The strengthening of Detroit’s housing market is having a fundamental impact on the nonprofit Write A House, which donates homes to aspiring writers.
Established in 2012, Write a House was giving away houses to authors after they had lived in the spaces for at least two years, and, as the organization put it, “engaged with the Detroit literary community.” But, starting next year, the nonprofit will shift from gifting houses to renting them.
Beginning in 2017, writers who apply to live in one of the nonprofit's renovated houses will have the option to stay there rent-free for as long as they wish, but they will no longer have the chance to own the home. Write A House will, moving forward, maintain ownership of the homes in order to combat what it describes as a "narrative of real estate speculation, house flipping [and] gentrification."
Elaborating on this, the group's co-founder and executive director, Sarah Cox, said that Write A House does not want to give away a home, and watch as the owner tries to sell it for profit. Although the nonprofit has not encountered this issue, the organization wants to be proactive and prevent the scenario from happening.
"Before, the idea that anyone could sell these houses was not feasible," she told PW, noting that, in 2012, “giving away a house wasn’t such a huge burden" because prices were so low. The first two homes that Write A House gave away—to Casey Rocheteau from Brooklyn in 2014, and Liana Aghajanian from Los Angeles in 2015—had cost just $1,000 each.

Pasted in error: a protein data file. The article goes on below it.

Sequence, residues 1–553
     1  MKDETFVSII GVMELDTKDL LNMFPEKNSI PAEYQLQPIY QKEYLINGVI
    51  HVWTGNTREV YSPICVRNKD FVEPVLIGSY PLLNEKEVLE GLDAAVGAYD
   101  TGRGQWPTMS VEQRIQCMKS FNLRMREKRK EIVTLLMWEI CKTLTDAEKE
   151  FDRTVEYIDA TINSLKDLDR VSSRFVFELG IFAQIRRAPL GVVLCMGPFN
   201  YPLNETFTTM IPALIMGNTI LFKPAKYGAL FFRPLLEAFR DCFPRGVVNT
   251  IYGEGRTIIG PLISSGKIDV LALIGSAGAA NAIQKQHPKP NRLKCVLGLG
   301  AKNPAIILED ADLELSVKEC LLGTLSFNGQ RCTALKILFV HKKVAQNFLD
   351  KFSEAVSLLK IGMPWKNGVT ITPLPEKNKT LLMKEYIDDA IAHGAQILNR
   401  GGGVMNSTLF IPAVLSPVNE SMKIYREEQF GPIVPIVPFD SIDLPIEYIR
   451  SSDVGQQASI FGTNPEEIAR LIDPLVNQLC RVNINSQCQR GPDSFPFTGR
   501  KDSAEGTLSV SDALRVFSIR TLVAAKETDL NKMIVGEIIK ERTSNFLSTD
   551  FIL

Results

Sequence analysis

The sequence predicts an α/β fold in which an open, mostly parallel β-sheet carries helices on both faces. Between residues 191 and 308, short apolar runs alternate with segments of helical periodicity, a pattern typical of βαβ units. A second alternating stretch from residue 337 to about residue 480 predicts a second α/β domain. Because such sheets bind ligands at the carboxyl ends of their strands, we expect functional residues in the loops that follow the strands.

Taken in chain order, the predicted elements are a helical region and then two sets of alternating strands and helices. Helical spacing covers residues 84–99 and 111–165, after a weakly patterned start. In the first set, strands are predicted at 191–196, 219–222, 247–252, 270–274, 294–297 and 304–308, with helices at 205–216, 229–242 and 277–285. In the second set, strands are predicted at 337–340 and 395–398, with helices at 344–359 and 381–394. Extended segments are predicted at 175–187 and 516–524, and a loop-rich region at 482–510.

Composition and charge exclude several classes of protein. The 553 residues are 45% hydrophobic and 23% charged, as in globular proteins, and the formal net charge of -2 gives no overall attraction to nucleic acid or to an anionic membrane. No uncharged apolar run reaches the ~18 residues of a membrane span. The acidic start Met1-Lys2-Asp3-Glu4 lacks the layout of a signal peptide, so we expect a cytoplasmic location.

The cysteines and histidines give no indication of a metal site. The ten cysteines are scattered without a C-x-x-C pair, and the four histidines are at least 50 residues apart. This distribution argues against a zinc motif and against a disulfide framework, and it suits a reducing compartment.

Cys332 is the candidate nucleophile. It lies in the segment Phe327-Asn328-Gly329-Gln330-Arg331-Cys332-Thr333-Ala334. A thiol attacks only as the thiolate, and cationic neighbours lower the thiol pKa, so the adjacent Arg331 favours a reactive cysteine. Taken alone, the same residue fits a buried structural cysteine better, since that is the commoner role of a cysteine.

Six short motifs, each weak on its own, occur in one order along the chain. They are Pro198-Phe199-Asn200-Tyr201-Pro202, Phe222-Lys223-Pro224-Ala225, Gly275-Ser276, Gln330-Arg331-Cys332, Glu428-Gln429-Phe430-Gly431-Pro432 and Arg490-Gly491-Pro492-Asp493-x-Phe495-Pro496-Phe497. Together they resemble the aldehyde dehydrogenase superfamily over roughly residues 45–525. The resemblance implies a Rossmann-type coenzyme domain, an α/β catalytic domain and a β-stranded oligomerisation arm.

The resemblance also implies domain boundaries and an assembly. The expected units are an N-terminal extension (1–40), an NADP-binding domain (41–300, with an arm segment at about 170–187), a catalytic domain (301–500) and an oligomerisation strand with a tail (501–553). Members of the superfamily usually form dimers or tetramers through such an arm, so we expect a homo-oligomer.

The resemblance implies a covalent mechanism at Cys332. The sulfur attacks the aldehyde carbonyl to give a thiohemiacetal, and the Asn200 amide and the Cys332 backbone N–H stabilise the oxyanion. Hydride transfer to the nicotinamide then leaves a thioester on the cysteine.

"As the market gains, the pressure to sell could increase with the value of the house," she said. "We don't want someone feeling that if they stayed, they'd forgo a big check from flipping it."
With housing prices significantly up in the Detroit area, the proposition of gifting a home is not the same as it was when Write a House launched. The Detroit Free Press, reporting on the local real estate boom, noted in an April article that Detroit housing prices have risen to "insane levels." Median house prices in the city's Midtown neighborhood have climbed to $300,000, almost double 2013’s median house price of $167,900. The newspaper ascribed the trend to more millennials desiring an urban living experience in the Motor City, along with a shortage of available housing stock.
While the spike in housing costs is not as extreme in the Banglatown and North End neighborhoods, where Write A House owns all of its properties, prices in this area have also risen.
Write A House currently owns five homes, of which three are occupied and two are uninhabitable, but scheduled for renovation. It also owns two vacant lots. “There aren’t that many houses selling for $1,000 anymore,” Cox said. “We want to stay as true to the original concept as possible, but we need to be responsible."